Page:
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Violet Norah Cross was born in Sturminster Marshall in 1891. Her father was the Rector there for more than 50 years and she grew up in the large Rectory with her parents and four sisters. She trained as a nurse.
In 1916, at the time of the Verdun attacks in the First World War, the hospitals in France were full to overflowing. They were crying out for nurses and Violet answered the call.
It seemed to me also that here was an opportunity of getting to know another country and of making my own known to them (perhaps there would be fewer wars if we all knew each other better).
We were all understaffed and under equipped, and during the last big attacks of 1918 we were dealing with 700 arrivals and 700 evacuations a day. I have seen men queued up n stretchers for three days and three nights waiting for admission to the operating theatres. Whilst many boys, whose limbs were amputated in the morning, offered to go on stretchers on the floor the same evening to give their beds to the new comers. If that is not courage, well, I don’t know what is.
Violet spent a further three years in France after WW1 nursing prisoners of the war too ill to return home In 1916 she was awarded the French Croix de Guerre medal.
At the outbreak of the Second World War, the surgeon that Violet worked with in France asked her to return.
Being free to choose, I was over in France as soon as the Expeditionary Force
When she arrived at the hospital she found it was severely lacking bedding and she returned to Dorset for ten days to ask for help.
When I finally returned to France after an intensive ten days’ begging, I had so many bales (of hay), that has to commandeer a French Army lorry to convey them from the docks to the train. I felt it was an example to the French of what warm-hearted British generosity means. It also benefited many o our own men.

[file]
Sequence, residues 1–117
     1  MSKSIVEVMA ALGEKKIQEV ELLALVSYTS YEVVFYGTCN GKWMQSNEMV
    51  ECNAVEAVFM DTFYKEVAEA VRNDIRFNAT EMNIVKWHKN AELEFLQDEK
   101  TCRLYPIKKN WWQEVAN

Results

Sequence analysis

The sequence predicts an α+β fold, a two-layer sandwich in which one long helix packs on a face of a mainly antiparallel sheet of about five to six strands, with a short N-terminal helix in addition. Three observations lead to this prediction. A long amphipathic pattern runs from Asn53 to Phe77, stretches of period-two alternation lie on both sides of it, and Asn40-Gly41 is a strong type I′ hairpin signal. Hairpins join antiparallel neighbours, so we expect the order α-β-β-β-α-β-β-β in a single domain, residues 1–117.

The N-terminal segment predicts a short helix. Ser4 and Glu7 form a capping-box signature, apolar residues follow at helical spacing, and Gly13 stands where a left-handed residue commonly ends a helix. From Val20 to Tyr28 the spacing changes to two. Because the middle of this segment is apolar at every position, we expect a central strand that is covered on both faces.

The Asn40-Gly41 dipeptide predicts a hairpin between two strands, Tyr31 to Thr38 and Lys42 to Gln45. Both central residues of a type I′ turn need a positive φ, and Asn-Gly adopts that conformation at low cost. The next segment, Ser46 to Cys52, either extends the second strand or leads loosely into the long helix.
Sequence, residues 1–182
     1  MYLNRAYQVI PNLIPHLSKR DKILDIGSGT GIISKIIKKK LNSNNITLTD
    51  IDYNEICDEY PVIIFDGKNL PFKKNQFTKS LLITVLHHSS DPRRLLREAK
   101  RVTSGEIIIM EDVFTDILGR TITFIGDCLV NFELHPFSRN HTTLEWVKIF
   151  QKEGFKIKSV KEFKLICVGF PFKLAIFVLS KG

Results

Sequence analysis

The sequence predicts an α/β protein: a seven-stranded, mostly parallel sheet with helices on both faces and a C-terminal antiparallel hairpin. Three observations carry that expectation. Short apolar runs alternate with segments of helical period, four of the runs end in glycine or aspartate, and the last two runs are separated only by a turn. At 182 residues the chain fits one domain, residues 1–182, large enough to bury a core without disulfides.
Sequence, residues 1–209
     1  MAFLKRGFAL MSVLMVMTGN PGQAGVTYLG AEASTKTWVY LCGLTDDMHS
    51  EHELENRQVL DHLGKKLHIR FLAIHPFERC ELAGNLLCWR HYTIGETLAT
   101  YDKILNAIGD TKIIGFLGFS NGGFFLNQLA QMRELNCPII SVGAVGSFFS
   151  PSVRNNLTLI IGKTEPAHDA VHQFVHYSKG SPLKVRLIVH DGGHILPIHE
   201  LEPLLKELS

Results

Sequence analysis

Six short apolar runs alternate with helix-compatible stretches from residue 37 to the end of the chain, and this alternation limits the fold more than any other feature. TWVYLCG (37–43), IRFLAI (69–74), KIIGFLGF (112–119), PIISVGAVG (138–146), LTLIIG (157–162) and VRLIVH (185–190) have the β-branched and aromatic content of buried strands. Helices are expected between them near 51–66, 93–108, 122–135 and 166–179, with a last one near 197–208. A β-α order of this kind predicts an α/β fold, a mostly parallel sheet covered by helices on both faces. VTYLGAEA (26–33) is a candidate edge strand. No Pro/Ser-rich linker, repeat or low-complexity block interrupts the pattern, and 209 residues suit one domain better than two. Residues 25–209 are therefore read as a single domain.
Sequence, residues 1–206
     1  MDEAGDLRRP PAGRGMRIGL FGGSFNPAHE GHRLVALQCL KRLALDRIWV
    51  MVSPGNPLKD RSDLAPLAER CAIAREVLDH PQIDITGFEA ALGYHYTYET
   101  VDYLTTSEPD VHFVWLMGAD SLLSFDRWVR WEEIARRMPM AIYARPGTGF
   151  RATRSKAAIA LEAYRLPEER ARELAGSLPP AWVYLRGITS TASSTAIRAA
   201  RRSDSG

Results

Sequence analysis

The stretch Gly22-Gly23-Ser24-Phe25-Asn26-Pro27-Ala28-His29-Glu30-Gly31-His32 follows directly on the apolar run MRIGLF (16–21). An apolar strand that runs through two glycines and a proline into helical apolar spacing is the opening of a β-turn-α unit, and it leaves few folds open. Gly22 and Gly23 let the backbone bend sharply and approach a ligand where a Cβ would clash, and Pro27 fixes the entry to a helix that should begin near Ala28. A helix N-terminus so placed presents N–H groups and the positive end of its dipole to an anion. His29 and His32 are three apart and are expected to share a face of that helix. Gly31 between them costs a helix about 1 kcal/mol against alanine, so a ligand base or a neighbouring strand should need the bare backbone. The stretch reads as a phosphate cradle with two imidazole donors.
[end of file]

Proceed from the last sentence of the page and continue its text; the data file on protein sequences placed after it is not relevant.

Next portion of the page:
As Violet describes the experiences of France in the Second World War she paints a heartbreaking picture of the thousands of refugees pouring through the strets of the town where she worked.
Bicycles, hand carts, perambulators and great fart carts pilled high with bedding and household possessions – on top of which old women and little childen were perched precariously – began to stream night and day, fleeing before the German terror. Children were even crammed into hearses, whislt one old lady has been squeezed into an ice cream cart, her old husband pedalling wearily behind. On – on – on – they knew not where as long as they were moving.
Soon after, Violet and her colleagues had to flee from the Nazis. She tried to get back to England by boat but it was impossible so she had to try to escape via Paris. On her way she managed to fool a German officer who was distracted just as he was checking her identity cards.
My card was laid down and a second later my hand shot out from under my cloak and the card was back in my pocket whilst I continued to sit meekly in my chair.
By the time the German officer same back, he was in a rush and authorised her pass.
After once again escaping the authorities in Paris, Violet travelled on through Spain and Portugal finally reaching Lisbon where she managed to get a spare seat on a seaplane leaving for England – the plane touched down in Poole Harbour and from there Violet walked back to Hazelbury Bryan – a distance of 25 miles.
Violet joined the ATS and a few weeks after the invasion of Normandy she retuned to the continent t help reunited children with their parents in Belgium and Holland She became well known benefactor in her local community in Dorset as well as a Parish, District and County councillor.
Violet Cross lived until the age of 98. There is a memorial plaque dedicated to her in Hazelbury Church. At the bottom it reads:
I have fought a good fight – I have finished my course – I have kept the faith
Images taken from a Scrapbook by Violet Cross, 1942-1946. From the Keep Military Museum Archive.